Join Date: Jun 2011
Location: Gbay/Huron tribs
Decided to book two nights in the Soo.
I finally had a chance to make it up to a northern Ontario river for some swinging a couple of weeks ago. I didn't really plan this trip, it was just a last minute, let's book some rooms and go trip. After a morning appointment that worked out better than expected, I was on the road by 1030 am.
The 02 Golf with the crumpled fender was in fine form. I had just replaced a wheel bearing earlier in the week and with the drone gone I could hear the diesel just ticking away on the highway. She doesn't purr, just a steady beat down the road among the the prevailing wind noise that comes through the window seals and the tire noise. She smokes on heavy acceleration and the suspension transmits the bumps to my steering wheel and there is lots of rattles in this ride. The radio drowns them out, but I like driving in silence as kilometers after kilometer gets put behind getting me closer to my destination. There is a lot to think about in the seven hour drive from my home. I contemplate changing suspension parts and fixing her up, but also maybe it's time for a new ride. Nah, I'll keep her until the end I think.
I get into the Soo around 530 pm, checked in and headed to the river. I met this guy from Texas in the parking lot who asked me if I knew the directions to the rapids. He said that he was staying close by and people were telling him about these Canadian fish in the rapids and he had to come here to see. At first I tried to explain to him how to get on the right path without getting wet because he had no waders. In the end I just told him that I would bring him to a spot. Sadly I forgot his name. He was a nice guy and we had a cheerful conversation on the walk to the river. Well the rapids are a very intimidating place when you first hear and see them. He was awestruck by the amount of water on the far side of the berm. I eventually set him up on number one spot where he could fire his daredevil in any direction that he wanted to. We parted ways and I went to find some solitude and some swinging water.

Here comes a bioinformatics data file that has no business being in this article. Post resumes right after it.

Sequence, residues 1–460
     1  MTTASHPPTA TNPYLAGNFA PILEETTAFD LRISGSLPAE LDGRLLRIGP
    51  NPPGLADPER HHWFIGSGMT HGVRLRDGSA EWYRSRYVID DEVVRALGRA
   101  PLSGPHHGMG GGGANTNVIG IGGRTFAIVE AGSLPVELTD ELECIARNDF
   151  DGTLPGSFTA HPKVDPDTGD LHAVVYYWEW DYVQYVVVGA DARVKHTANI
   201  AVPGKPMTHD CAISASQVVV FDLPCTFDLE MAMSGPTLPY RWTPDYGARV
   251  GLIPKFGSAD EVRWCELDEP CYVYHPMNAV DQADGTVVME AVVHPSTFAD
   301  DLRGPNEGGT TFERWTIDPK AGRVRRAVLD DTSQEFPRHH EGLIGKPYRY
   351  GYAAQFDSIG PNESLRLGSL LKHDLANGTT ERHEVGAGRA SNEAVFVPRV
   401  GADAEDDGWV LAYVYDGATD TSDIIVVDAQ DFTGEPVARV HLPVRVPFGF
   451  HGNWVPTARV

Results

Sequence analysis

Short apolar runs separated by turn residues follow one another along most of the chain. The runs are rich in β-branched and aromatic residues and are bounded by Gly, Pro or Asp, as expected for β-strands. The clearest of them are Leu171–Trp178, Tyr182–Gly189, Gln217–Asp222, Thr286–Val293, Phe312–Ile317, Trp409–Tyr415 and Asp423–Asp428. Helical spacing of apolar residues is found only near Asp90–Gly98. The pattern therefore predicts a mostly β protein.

I brought my Deathstar with me on this trip. I found a fishy run, looked in my fly box and tied on this Brown Heron that I had tied the previous fall. I don't know why but she called out to me this fly. The hackle just pulsed with the flow, and she swam straight with an even keel as I inspected the fly in the crystal clear water below me. It brought a smile to my face. Starting close to shore and lengthening out my cast, the Deathstar was flawless. I wondered why I haven't fished with her more. She just kept slinging line out and brought a smile to my face again.
At another spot, I had the tip out with half the head when it grabbed. Now I've hooked many Steelhead, but this fish just ripped me. After a good long battle she was no match for the TCX (and a lot of luck), now I understand why they call them the 'leaper'. Words can't describe the battle and emotions felt as I countered everything that she and the river had. Sitting subdued in a little backwater between the rocks she was the perfect specimen. I was shaking but managed a couple of shots. The hook came out easily and I picked her up and walked her to deeper water. I held this beautiful creature in the current and could feel her getting stronger, and then she left swimming back to the hole. I had a smoke and sat on a rock shaking while regaining my composure. The sun was setting, and not a soul around. I didn't even want to cast again and ruin the moment. I could not ask for a better evening.
The next cast that evening and the next morning was surreal also. A story for another day, but this fish will keep me going until the fall.
I tried to insert the photos at certain intervals during the text but don't think that I accomplished that. Regardless, enjoy.